Stress is a condition that affects more people every day. The association with different patterns of behavior, psychological well-being and physical health has been studied for quite some time. Stress is perceived as a psychological concept and therefore an abstract matter. However, most of the time, we can perceive when a person is stressed as it is frequently expressed somehow in our voice or body language. But there is still the question how it can affect others as a mental condition. Specifically, it is passed on to our children? How does it affect them?
Much has been said about stress in pregnancy. Prenatal exposures to stress are closely correlated with underdevelopment of the fetus and also to stressed children in the future. Effects of stress have also been compared to use of harmful substances like alcohol, and drugs like heroin.
It is mainly recommended that pregnant women do not look for unnecessary stressful situations, to the point of advising them to listen to classical music. As an example, is it really better for the child if his/her mother listens to classical music, only because of the baby, if this mother does not even like this type of music? Will it not be stressful for the mother to hear what she does not like and, therefore, also stressful for the baby? Besides, future mothers are subjected to every kind of stress nowadays: too much work, money problems, anxiety for what life may become after giving birth…
Mothers of the earth don’t despair! The solution might be cannabis!
Despite all the results of other American studies, not only it seems to be admissible for pregnant women to consume cannabis, it appears that consumption is not associated with fetus defects and it might actually make your son or daughter more adjusted and more prone to excel in life.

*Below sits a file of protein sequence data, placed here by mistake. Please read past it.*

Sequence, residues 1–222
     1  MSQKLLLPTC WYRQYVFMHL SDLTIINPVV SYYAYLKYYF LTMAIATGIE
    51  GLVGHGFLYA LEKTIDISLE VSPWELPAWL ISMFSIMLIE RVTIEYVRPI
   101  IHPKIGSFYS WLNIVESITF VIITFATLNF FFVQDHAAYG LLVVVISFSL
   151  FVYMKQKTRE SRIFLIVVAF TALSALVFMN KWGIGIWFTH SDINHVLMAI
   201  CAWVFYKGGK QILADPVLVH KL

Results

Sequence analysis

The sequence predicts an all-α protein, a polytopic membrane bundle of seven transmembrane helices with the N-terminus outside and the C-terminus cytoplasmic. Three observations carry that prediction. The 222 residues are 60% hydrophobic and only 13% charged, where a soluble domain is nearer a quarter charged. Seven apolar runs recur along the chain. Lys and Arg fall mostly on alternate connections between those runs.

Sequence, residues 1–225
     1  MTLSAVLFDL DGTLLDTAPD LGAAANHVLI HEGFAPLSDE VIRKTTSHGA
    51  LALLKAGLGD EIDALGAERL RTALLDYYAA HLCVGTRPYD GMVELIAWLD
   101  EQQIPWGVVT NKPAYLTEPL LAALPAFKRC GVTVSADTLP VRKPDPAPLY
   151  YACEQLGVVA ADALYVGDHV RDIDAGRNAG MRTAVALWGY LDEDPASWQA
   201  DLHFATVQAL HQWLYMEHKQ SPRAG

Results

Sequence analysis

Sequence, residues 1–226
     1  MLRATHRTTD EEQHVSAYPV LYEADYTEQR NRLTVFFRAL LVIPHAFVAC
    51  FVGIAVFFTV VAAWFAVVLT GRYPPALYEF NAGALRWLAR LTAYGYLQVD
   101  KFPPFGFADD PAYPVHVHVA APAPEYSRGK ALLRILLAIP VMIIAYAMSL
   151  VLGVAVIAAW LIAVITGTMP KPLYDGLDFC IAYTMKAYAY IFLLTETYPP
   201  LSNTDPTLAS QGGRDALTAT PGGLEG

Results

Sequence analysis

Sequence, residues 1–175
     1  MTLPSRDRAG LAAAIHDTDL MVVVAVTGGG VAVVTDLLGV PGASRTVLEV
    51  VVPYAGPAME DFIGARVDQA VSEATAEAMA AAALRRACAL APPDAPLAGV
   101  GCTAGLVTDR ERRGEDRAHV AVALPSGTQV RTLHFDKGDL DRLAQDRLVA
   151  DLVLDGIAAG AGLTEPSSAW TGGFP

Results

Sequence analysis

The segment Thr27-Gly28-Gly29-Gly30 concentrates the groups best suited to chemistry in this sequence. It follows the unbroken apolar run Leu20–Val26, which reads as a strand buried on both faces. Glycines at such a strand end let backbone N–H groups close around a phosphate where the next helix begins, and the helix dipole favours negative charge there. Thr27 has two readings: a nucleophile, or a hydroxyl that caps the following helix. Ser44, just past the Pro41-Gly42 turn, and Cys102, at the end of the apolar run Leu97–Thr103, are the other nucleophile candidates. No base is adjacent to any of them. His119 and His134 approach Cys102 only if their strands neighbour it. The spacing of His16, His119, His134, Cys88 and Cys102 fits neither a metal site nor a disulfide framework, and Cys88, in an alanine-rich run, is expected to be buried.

This study was performed in a population of pregnant Jamaican women, who have the habit of consuming cannabis in tea or tonic form to relieve symptoms like nausea and stress during pregnancy. Their children were also followed-up for some years and they don’t present any malformation or problem.
The dissimilarity between this result and the results from American studies might lie on a determined flaw: those studies do not usually differentiate cannabis usage from other substances such as alcohol and tobacco. Regretfully, after the results obtained by Dr. Melanie Dreher, the funding was discontinued, since it was mainly funded by National Institute on Drug Abuse and the results were clearly not convenient.
For more information on the subject: Women and Cannabis: Medicine, Science, and Sociology
Photo: Flickr, Federacion de asociaciones cannabicas
Elysia Poggi Davis,, Laura M. Glynn,, Feizal Waffarn,, & Curt A. Sandman (2011). Prenatal maternal stress programs infant stress regulation Journal of Child Psychology and Psychiatry, 52 (2), 119-129 DOI: 10.1111/j.1469-7610.2010.02314.x
James E. Driskell,, & Eduardo Salas (2013). Stress and Human Performance Psychology Press DOI: 10.1037/e455132004-001
cannabis, women, pregnancy, weed, marihuana, stress